When I was a child, my mother taught me to learn and love poetry. However, after her demise at a young age, I gradually lost interest, which I sad. I find it difficult to read, enjoy and learn new poetry. Most of that I do know is stuff I learned before I was 12. When I see the name Browning I think of two things, both from Pippa Passes.

    The year’s at the spring
    And day’s at the morn;
    Morning’s at seven;
    The hillside’s dew-pearled;
    The lark’s on the wing;
    The snail’s on the thorn:
    God’s in His heaven—
    All’s right with the world!

    I used to copy that out as part of my hand writing exercises. In later years I researched the poem in more detail and came upon this marvellous bit of trivia.

    “Right at the end of the poem, in her closing song, Pippa calls out the following:
    But at night, brother Howlet, far over the woods,
    Toll the world to thy chantry;
    Sing to the bats’ sleek sisterhoods
    Full complines with gallantry:
    Then, owls and bats, cowls and twats,
    Monks and nuns, in a cloister’s moods,
    Adjourn to the oak-stump pantry!

    “Twat” both then and now is vulgar slang for a woman’s external genitals.[1] It has become a relatively mild epithet in parts of the UK, but vulgar elsewhere. When the editors of the Oxford English Dictionary inquired decades later where Browning had picked up the word, he directed them to a rhyme from 1660 that went thus: “They talk’t of his having a Cardinall’s Hat/They’d send him as soon an Old Nun’s Twat.” Browning apparently missed the vulgar joke and took “twat” to mean part of a nun’s habit, pairing it in his poem with a priest’s cowl.”

    Thomas Carlyle was an interesting character. Apart from rewriting a history of the French Revolution from memory after his servant had burned his only manuscript, he and John Stewart Mill had a much publicised debate on slavery in America. Carlyle was largely in favour of it, for distinctively racist reasons. He held the belief, as did Ruskin and Dickens, that Africans were of the same species as Europeans.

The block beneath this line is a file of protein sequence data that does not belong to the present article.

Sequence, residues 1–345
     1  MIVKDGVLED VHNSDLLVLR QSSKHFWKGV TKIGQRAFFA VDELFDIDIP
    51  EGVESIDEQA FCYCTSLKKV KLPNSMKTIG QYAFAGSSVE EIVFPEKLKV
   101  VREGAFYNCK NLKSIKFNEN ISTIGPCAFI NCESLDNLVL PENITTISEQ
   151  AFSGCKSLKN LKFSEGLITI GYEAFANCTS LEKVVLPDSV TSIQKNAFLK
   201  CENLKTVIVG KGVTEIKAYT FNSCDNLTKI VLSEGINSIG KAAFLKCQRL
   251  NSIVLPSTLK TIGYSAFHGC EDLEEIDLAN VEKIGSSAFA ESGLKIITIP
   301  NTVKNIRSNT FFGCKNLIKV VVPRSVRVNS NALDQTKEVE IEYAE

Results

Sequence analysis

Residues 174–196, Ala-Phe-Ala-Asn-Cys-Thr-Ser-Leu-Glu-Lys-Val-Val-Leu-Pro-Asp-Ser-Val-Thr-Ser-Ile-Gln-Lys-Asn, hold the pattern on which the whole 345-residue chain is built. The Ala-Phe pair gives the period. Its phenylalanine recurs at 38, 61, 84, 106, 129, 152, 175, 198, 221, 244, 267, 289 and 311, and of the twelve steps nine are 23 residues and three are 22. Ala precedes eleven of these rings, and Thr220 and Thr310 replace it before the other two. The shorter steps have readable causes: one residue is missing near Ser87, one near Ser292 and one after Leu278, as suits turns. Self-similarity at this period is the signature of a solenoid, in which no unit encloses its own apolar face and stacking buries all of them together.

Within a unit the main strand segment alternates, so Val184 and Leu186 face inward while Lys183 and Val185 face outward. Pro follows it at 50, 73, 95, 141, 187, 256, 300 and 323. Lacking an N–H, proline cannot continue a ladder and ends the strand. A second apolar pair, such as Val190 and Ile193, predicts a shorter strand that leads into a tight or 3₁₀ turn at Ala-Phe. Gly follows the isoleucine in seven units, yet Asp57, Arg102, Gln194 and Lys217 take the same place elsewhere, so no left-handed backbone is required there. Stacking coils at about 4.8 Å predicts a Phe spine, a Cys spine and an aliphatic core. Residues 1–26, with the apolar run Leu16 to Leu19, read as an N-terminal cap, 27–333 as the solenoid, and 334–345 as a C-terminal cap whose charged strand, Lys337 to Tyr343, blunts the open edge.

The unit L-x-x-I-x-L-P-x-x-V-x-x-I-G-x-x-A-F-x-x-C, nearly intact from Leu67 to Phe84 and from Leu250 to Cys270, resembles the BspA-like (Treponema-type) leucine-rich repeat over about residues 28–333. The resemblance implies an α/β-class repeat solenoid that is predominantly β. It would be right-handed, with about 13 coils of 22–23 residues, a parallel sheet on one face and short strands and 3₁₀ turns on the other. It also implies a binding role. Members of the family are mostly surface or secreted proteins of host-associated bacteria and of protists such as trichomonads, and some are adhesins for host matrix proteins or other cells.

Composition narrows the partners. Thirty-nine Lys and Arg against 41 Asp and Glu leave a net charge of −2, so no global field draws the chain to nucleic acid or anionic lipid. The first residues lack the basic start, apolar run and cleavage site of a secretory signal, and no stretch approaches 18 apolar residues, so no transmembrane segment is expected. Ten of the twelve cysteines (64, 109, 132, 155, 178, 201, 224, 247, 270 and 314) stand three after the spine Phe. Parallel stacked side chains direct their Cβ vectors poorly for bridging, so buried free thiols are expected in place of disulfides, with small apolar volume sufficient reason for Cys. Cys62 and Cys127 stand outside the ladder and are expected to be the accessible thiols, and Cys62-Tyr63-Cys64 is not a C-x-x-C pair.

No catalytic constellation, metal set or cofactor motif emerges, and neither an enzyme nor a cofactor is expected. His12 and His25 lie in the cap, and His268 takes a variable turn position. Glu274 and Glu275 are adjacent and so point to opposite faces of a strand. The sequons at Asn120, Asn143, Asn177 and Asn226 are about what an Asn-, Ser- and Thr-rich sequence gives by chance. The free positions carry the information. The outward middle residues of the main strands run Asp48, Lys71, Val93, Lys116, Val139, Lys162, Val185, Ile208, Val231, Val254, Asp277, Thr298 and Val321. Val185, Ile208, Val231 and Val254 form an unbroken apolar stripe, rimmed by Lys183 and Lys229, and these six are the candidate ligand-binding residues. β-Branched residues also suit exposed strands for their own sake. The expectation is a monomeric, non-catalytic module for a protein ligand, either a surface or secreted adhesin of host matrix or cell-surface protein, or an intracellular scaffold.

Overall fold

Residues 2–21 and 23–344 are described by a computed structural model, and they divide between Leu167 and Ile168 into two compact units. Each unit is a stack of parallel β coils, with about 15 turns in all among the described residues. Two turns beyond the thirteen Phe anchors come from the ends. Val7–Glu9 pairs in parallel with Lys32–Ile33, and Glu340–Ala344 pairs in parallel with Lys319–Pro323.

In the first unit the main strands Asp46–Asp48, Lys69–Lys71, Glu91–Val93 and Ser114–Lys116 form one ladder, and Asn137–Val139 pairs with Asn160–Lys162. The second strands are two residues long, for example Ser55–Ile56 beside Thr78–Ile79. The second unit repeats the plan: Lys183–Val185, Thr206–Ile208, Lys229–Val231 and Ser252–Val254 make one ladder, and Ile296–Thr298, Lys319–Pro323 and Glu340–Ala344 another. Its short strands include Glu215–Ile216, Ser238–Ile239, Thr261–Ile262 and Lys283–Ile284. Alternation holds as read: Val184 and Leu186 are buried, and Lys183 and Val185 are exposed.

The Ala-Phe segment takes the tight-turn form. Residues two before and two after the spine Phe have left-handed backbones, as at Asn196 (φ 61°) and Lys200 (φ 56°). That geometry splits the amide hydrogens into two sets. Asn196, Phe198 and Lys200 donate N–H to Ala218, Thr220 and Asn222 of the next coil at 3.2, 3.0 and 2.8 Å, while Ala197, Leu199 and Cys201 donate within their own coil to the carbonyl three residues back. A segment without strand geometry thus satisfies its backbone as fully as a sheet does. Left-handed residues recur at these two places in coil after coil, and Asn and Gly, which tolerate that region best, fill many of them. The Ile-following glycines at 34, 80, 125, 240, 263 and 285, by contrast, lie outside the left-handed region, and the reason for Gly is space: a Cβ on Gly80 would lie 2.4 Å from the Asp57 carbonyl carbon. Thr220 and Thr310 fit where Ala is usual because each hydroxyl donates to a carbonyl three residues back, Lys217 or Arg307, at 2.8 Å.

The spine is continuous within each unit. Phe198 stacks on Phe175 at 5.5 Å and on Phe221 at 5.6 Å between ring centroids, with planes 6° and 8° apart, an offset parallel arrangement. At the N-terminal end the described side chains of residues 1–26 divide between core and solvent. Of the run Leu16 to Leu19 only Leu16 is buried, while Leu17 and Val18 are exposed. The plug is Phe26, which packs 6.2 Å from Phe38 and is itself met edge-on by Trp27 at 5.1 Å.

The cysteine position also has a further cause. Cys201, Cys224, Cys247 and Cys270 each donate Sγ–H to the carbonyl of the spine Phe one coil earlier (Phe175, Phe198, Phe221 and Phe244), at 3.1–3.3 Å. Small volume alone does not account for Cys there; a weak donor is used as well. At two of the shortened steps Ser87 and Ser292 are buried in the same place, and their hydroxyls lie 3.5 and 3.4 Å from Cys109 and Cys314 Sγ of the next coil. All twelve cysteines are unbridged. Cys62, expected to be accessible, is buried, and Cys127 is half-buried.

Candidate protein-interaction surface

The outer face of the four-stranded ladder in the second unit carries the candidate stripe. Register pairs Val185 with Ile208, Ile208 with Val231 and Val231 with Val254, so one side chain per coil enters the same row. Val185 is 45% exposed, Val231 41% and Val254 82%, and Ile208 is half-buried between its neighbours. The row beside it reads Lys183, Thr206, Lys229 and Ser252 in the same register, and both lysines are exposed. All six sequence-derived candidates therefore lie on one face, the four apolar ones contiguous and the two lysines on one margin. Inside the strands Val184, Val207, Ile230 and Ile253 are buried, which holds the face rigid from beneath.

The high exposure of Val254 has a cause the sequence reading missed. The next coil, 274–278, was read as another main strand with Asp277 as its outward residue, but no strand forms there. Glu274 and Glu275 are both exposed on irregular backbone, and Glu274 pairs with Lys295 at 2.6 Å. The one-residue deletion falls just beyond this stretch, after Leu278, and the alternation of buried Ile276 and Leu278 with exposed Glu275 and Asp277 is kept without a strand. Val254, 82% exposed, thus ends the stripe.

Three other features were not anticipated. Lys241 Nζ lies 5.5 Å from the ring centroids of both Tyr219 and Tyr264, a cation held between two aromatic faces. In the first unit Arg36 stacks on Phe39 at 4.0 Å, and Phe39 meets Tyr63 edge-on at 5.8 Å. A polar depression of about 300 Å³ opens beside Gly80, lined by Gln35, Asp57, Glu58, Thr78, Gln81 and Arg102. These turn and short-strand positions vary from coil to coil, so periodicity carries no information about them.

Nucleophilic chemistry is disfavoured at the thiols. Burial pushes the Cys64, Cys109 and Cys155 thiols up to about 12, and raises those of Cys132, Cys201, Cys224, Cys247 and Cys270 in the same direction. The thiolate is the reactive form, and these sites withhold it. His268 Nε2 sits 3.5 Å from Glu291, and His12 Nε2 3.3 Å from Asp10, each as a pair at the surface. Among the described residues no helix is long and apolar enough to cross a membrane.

I first came into contact with Thackeary via his children’s story, The Rose and the Ring. It was set in the country of Crim Tartary an idea that stemmed from the fact that the Crimean War was being waged at the time of writing. Lovely book.

    Becky Sharp, filmed in 1935 and based on Vanity Fair was the first full colour feature film. I think I was in the army when I read VF. I loved it.

    Don’t know Allingham.

  3. Sipu

    Dickens used Carlyle’s work as a source of reference for A Tale of Two Cities.

    I am rather share Prout’s opinion of Dickens. Just like the number of notes in Mozart’s music, there are just the right number of words in Dickens’s novels. I know one is not supposed to, but I really enjoyed Barnaby Rudge.

  4. Thank for taking the trouble to make those comments, Sipu.

    I liked a lot of poetry when I was young, but didn’t pay a great deal of attention to it for most of my adulthood … I’ve got a bit more interested only in the past 10 years or so. I don’t know much of Browning, and I haven’t read Thackeary’s novels. My father was a big reader; we had a complete set of Dickens in the house which he reread constantly, but it’s a long time since I read any. My mother was a very clever woman but her favourite reading was crime novels, which she borrowed from the library.

    Caryle and Allingham were good friends, though Carlyle was very anti-Irish (a big sin :-)), describing Ireland as ‘a huge suppuration’, ‘a human swinery’, ‘an abomination of desolation’, and ‘a black howling Babel of superstitious savages’. His Occasional Discourse on the Nigger Question was described (by Eric Williams) as ‘the most offensive document in the entire world literature on slavery and the West Indies’.

    Yes, great twat trivium. 🙂

    Allingham wrote some passable poetry, I think, but is chiefly remembered for one that starts ‘Up the airy mountain/Down the rushy glen,/We daren’t go a-hunting,/For fear of little men’ … which hasn’t aged well.